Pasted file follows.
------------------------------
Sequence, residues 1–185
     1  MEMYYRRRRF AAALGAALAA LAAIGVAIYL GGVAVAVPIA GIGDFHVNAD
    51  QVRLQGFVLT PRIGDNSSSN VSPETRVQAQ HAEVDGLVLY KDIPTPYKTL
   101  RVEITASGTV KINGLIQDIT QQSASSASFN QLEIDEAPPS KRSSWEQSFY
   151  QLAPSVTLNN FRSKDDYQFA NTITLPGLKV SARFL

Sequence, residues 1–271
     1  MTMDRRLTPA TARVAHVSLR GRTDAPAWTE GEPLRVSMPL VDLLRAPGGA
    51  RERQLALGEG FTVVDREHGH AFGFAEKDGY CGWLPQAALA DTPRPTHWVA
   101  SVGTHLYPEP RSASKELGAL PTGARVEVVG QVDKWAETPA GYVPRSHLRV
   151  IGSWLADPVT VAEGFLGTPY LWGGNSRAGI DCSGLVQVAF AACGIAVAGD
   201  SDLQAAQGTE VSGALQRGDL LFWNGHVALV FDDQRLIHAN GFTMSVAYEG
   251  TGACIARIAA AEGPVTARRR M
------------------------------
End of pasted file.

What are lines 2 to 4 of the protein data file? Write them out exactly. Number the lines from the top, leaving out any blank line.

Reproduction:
     1  MEMYYRRRRF AAALGAALAA LAAIGVAIYL GGVAVAVPIA GIGDFHVNAD
    51  QVRLQGFVLT PRIGDNSSSN VSPETRVQAQ HAEVDGLVLY KDIPTPYKTL
   101  RVEITASGTV KINGLIQDIT QQSASSASFN QLEIDEAPPS KRSSWEQSFY